Chapter

Who Picks the Party Leader?

William Cross and André Blais

in Politics at the Centre

Published in print January 2012 | ISBN: 9780199596720
Published online May 2012 | e-ISBN: 9780191740688 | DOI: http://dx.doi.org/10.1093/acprof:oso/9780199596720.003.0002

Series: Comparative Politics

Who Picks the Party Leader?

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This chapter examines who has voice in the selection of party leaders. The chapter first identifies the possibilities ranging from the leader being selected by a single or small group of party elites to selection by all supporters of the party in the electorate. The most common selectorates, in contemporary parties, are members of the parliamentary party and the grassroots membership. In some parties the selectorate includes delegates to party conferences, local and regional elected officials, and trade unions. Regardless of the groups formally enfranchised, this chapter argues that those without a vote will attempt to influence the choice; for example, grassroots activists are often found to pressure parliamentarians to choose their favourite candidate. Groups from outside the party, such as any governing coalition partners, are also found to attempt to influence a party’s choice of leader.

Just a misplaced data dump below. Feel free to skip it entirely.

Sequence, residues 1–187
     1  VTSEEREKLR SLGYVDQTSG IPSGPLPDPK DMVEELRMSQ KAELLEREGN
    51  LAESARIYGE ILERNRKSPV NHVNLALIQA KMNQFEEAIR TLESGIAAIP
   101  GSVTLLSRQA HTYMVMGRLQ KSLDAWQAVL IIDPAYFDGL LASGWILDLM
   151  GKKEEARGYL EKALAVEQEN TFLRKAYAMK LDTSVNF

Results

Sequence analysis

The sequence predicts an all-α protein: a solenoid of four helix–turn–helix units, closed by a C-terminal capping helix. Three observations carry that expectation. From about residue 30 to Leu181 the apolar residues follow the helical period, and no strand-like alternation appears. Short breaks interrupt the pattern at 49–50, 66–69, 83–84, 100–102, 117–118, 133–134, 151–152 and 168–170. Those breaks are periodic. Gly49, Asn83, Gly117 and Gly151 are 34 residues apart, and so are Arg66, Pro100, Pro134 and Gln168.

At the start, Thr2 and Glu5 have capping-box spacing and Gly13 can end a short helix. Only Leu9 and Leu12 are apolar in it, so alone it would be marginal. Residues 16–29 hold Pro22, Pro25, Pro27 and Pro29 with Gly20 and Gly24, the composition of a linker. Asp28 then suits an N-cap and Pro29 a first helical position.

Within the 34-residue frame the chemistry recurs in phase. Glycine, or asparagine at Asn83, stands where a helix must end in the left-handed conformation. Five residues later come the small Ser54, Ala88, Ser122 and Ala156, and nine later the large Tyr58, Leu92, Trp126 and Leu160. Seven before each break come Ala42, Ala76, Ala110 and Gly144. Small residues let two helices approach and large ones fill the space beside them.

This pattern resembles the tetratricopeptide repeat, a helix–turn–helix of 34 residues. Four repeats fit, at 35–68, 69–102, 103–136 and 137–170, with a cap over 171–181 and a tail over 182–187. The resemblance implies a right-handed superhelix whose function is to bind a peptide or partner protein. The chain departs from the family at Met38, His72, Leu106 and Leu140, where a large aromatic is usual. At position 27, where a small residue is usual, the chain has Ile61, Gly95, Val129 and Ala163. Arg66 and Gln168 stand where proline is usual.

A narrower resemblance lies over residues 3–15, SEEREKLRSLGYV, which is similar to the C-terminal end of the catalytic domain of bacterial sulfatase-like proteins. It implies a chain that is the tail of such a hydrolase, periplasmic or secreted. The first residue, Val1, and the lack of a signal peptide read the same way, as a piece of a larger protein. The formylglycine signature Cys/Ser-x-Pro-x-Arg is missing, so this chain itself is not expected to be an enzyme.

Keywords: leadership selectorate; leadership elections; intra-party democracy; party members

Chapter.  9420 words. 

Subjects: Comparative Politics

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